The Saudis have also been quite restrained in adding to the Official Selling Price, or OSP, of their crude despite Brent’s runaway rally, that market roundup showed. Saudi Arabia’s medium sour crude grades were hiked by $0.10 per barrel each, moving Arab Light to a $3.60 per barrel premium vs Oman/Dubai. The only Saudi crude grade that saw a notable increase in October was Arab Super Light, a very rare condensate-like grade that sees 1-2 cargoes per month, which rose by $0.50 per barrel.
“In an environment like this, Saudi Arabia’s national oil company Saudi Aramco (TADAWUL:) was expected to hike Asian prices by a solid margin,” the OilPrice roundup said. “Surprisingly, the anticipated OSP increase did not happen.”
“Overall, the lack of pricing ambition reflected wider worries about the health of Chinese demand into the remaining months of 2023, as well as significantly lower Indian nominations lately.”
To Moscow’s benefit, India has begun buying Russian urals crude at around $80 per barrel — markedly higher than the $60 price cap set by the G7, but still lower than the flat price of Brent.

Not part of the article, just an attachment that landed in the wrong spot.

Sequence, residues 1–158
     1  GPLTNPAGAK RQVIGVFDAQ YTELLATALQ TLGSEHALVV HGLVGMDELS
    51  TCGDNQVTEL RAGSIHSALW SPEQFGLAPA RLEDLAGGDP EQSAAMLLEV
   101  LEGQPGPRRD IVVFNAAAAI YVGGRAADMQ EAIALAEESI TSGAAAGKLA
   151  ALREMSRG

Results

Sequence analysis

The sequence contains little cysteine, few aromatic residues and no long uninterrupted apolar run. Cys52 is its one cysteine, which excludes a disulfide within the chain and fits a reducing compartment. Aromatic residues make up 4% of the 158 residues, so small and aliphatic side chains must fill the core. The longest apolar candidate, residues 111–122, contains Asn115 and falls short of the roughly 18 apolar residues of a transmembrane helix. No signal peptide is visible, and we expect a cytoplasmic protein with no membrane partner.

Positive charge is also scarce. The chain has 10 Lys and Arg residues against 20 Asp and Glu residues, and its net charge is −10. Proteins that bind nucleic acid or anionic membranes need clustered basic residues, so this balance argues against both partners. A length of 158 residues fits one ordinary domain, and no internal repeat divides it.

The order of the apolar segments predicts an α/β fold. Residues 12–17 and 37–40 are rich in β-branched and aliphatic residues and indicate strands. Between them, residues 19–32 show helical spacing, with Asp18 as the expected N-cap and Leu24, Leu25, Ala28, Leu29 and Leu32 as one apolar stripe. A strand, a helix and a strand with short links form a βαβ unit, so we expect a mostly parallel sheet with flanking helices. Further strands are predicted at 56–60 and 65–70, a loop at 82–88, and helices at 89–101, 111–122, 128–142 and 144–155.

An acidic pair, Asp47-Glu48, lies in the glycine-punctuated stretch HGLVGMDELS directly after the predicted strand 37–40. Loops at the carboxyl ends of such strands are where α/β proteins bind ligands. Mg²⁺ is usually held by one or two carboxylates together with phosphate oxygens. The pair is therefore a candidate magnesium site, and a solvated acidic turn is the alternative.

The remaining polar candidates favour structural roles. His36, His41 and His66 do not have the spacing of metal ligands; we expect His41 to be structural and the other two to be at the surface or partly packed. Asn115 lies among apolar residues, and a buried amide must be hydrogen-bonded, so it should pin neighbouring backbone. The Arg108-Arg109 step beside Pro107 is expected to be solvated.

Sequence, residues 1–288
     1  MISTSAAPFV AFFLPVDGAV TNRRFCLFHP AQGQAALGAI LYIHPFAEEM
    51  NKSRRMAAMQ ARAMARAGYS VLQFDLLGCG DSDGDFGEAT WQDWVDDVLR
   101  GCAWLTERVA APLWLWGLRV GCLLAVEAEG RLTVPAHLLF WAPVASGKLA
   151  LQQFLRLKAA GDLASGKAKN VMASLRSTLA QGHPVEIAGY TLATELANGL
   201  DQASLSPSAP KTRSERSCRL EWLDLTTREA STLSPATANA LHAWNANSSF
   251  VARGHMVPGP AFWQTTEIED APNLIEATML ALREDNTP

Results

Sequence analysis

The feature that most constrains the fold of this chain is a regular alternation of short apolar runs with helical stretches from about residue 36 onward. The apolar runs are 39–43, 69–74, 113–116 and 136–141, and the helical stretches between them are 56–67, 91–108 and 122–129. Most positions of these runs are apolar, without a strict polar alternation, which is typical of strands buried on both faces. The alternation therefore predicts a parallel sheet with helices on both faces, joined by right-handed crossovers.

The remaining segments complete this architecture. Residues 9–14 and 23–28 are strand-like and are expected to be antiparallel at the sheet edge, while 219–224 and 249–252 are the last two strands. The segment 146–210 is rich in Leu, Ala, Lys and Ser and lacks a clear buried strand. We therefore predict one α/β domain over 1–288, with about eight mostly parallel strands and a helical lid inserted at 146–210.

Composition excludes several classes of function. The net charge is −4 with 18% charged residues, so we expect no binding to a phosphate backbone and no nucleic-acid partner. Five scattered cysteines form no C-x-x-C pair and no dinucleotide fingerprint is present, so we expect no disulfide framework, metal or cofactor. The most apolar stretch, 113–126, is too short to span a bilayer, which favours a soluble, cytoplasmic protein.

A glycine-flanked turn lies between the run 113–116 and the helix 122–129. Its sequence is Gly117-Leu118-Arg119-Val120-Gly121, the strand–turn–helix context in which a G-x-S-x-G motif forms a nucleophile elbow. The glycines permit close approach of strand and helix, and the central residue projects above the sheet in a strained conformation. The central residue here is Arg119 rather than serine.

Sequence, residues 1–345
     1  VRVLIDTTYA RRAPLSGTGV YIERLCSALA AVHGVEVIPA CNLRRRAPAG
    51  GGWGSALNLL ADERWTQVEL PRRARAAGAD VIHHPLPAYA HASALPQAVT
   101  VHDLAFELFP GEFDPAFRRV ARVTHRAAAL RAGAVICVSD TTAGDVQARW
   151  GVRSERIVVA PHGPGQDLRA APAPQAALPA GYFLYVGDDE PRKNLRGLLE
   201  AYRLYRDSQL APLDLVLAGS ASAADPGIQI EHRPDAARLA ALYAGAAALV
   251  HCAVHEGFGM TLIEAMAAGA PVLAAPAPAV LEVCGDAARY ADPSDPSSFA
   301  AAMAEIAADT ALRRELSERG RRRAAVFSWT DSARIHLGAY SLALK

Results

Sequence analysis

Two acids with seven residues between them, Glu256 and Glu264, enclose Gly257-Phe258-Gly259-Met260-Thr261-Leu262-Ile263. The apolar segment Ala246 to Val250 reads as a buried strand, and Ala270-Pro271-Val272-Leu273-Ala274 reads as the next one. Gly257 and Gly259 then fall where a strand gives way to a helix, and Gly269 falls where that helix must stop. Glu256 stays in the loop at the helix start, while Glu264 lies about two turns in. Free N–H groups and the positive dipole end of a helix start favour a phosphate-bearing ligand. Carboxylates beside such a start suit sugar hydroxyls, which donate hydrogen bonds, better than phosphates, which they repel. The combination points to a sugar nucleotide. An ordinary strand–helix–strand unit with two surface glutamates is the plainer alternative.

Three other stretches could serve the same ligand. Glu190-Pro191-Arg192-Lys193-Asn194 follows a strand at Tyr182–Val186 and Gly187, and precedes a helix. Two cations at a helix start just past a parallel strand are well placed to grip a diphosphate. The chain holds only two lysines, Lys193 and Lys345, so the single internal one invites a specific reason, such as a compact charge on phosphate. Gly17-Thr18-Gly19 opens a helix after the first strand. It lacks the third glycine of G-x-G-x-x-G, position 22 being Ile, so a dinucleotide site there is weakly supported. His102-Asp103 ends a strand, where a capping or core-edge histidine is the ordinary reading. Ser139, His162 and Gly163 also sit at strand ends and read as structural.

But Russia, which has committed to the Saudi production squeeze plan by announcing a 300,000-barrel per day cut of its own, is also under pressure to keep up with deliveries promised to customers.
Russia seen rolling back on fuel export ban
Moscow recently eased its separate ban on fuel exports introduced to stabilize the domestic market. Analysts do not expect those restrictions to stay for long because they may hit refinery runs and impact relations with customers.
Turkey, Brazil, Morocco, Tunisia and Saudi Arabia were among the main destinations for Russian diesel this year, JPMorgan said in a note.
“(A) protracted export ban would negatively impact the relationship with the new customers that Russian oil companies have so painstakingly built over the last year and a half,” according to JPMorgan.
Even so, Russia has not discussed a possible crude oil supply increase to compensate for Moscow’s fuel exports ban with OPEC+, the Kremlin has said.
That communication might be made directly when the Russians and Saudis hold talks at Wednesday’s OPEC+ meeting.
After having psyched the trade into believing their production cuts could go on indefinitely and against market reality, it would be important for neither side not to publicly admit anything to the contrary and work instead in keeping up the narrative they have created.